PhD, Santa Clara Valley Medical Center
Citation Kolakowsky-Hayner, S.
(2010). The Patient Competency Rating Scale. The Center
for Outcome Measurement in Brain Injury. http://www.tbims.org/
combi/pcrs ( accessed
This citation is for the COMBI web material. Dr. Kolakowsky-Hayner
is not the scale author for the PCRS.
normative studies of the PCRS have not been conducted, and few studies
using the PCRS have employed a control group. However, Prigatano
et al. (1998) reported that a group of 28 Spanish control subjects
achieved a mean of 144 (range 120-150) on the PCRS while respondents
rating them produced a mean of 145 (range 134-150). This suggests
that control subjects and their respondents agreed closely, and
that the majority of items were rated at the maximum competency
(5, "can do with ease") for these uninjured controls.
study using a control group of 131 New Zealanders (Leathem et al.,
1998) did not report the total PCRS scores. Instead, these authors
grouped some of the PCRS items into 4 categories (ADL, emotional
behavior, interpersonal behavior, and cognition) and reported mean
control scores across items in each group. Means were between 4
("fairly easy to do") and 5 ("can do with ease") with the exception
of items relating to emotional control (mean = 3.81). Interestingly,
informants rated control subjects higher on these items than the
subjects rated themselves.
reliability of the PCRS has been reported as r = .97 for patients
and r = .92 for relatives (Prigatano, Altman & O'Brien, 1990).
One-week test-retest reliability for a group of uninjured college
students was .82 (Heilbronner et al., 1993). Fleming et al. (1998)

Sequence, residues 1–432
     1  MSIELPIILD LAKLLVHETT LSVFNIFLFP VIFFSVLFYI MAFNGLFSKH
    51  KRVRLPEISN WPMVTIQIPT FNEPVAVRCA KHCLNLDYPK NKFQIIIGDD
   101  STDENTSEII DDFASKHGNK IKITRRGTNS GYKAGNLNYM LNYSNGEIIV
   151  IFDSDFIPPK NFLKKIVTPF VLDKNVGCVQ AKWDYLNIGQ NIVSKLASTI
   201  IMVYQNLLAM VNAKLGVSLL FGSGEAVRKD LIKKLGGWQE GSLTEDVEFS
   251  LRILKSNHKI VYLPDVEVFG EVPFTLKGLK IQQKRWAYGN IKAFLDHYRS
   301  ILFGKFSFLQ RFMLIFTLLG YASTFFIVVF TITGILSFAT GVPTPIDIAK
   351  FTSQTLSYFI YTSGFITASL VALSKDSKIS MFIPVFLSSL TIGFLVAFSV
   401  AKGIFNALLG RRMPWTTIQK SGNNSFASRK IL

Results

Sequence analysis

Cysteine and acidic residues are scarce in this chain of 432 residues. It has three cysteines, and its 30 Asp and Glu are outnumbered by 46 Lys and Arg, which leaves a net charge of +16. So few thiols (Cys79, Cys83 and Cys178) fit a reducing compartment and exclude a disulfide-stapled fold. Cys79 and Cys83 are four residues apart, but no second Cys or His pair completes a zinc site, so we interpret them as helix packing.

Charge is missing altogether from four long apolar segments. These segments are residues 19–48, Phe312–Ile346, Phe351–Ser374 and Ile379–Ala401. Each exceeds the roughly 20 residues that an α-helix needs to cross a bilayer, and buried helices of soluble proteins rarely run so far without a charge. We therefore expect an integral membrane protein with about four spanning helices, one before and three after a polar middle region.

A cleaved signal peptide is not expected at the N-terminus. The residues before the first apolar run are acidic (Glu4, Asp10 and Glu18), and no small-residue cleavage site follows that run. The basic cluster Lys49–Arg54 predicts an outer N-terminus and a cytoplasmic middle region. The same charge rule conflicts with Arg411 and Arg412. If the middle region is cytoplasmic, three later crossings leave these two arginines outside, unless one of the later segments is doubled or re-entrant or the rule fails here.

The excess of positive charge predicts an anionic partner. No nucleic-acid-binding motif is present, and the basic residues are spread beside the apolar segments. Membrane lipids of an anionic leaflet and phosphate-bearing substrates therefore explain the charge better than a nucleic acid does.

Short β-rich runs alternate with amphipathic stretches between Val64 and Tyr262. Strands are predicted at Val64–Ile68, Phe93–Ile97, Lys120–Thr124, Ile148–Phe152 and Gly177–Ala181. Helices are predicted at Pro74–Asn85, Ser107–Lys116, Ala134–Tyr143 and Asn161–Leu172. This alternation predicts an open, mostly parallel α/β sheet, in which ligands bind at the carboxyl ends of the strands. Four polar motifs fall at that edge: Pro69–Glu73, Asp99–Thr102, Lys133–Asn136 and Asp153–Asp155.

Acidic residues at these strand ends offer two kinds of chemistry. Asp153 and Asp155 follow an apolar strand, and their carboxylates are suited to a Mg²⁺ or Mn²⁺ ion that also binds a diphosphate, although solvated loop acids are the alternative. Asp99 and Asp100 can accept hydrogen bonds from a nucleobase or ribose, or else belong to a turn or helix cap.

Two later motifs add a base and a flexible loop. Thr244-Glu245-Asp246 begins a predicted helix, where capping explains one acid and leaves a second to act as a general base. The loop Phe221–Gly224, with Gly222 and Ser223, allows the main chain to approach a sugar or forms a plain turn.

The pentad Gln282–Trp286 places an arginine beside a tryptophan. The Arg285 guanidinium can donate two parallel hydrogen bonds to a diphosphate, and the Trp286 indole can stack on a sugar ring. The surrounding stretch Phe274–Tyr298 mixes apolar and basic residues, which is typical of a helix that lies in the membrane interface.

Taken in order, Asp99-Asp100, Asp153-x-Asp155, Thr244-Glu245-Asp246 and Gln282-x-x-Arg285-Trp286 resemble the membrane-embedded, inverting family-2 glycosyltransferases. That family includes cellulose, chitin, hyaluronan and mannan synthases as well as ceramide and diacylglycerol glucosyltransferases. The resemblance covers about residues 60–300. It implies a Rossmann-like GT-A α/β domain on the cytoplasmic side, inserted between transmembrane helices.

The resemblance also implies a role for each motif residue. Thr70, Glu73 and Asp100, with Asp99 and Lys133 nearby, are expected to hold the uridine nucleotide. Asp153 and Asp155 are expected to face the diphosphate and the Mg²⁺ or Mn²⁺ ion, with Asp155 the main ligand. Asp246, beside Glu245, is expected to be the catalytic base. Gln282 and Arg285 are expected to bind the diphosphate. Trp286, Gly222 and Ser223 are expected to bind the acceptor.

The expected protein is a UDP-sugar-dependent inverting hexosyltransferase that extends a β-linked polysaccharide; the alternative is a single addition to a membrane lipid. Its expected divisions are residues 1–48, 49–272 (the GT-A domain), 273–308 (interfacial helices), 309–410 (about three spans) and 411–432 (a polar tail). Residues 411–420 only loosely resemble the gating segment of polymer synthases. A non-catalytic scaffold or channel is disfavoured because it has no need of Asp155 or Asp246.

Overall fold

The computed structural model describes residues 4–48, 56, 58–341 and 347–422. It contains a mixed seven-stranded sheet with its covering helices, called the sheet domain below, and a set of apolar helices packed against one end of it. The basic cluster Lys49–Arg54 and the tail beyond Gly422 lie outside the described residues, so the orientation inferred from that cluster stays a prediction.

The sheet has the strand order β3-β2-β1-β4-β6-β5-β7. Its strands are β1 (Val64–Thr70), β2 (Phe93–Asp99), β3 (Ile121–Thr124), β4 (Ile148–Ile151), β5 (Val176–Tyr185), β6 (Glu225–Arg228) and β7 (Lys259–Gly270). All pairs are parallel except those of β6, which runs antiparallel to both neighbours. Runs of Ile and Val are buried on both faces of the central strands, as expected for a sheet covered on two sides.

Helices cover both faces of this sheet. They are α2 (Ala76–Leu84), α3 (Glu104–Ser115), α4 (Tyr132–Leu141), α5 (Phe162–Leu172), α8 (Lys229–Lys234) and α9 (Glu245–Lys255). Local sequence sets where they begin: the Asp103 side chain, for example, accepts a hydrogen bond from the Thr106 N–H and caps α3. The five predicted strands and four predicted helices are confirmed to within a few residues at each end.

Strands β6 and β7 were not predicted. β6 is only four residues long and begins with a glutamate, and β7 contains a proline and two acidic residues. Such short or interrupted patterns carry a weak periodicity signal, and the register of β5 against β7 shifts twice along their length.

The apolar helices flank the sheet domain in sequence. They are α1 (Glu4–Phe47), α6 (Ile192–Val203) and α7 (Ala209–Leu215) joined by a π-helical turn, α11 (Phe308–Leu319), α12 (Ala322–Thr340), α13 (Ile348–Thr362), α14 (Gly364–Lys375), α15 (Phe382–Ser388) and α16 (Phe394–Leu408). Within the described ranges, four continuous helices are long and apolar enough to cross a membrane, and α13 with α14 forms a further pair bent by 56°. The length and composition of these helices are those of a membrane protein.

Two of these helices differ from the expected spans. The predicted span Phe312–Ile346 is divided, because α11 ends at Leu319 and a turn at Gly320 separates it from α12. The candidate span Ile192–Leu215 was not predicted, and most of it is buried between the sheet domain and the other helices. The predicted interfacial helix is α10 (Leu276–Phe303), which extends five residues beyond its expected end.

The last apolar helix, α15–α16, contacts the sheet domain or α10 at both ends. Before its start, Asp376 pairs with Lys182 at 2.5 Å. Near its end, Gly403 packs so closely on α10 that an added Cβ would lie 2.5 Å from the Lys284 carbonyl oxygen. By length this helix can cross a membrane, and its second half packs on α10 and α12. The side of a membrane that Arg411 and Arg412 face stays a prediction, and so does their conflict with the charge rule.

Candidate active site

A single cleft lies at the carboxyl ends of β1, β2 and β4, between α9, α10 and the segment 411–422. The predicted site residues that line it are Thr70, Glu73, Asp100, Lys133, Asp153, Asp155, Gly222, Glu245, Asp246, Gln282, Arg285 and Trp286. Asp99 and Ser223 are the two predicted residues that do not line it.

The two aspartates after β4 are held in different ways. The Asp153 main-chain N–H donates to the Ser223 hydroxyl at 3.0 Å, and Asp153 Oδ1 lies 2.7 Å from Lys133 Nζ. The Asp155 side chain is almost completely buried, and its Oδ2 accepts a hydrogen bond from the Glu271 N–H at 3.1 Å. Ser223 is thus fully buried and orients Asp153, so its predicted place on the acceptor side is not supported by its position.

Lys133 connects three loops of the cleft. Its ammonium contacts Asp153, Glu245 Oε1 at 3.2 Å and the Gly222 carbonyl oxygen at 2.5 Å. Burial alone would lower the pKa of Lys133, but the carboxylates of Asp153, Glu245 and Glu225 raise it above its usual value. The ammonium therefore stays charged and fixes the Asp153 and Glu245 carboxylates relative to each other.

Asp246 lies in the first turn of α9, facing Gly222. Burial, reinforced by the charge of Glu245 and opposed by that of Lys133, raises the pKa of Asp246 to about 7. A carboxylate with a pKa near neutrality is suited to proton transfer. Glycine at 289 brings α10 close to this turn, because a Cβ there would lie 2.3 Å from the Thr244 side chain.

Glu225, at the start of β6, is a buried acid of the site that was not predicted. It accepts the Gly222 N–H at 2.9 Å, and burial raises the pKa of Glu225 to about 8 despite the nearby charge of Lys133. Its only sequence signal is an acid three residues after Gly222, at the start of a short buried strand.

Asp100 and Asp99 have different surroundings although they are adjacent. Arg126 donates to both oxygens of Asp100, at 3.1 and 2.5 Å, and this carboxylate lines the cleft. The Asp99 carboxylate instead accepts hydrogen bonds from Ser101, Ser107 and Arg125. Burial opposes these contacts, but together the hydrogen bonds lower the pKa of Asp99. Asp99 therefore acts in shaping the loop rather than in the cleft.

reported acceptable one-week test-retest reliability for patients
with TBI using intraclass correlations (ICC r = .85). In the same
study, internal consistency was strong for both patient ratings
(Cronbach's alpha = .91, n = 55) and relatives' ratings of patients
(Cronbach's alpha = .93, n = 50).
interpretation of the PCRS rests on the assumption that the rating
of the significant other (relative or clinician) is a true measure
of competency against which to assess the accuracy of the patient's
self-rating. The developers of the scale acknowledge that this assumption
remains to be validated (see Prigatano, 1996).
discrepancy scores correlate significantly with indices of injury
severity in some studies (Prigatano et al., 1998) but not others
(Prigatano & Altman, 1990). Attempts to correlate the PCRS with
specific neuropsychological findings have generally produced negative
or equivocal results (Prigatano & Altman, 1990; Ranseen et al.,
1990). In several studies PCRS discrepancy scores have correlated
negatively with measures of depression or emotional distress (Ranseen
et al., 1990; Fleming et al., 1998), lending support to the idea
that emotional reactions to disability follow the onset of deficit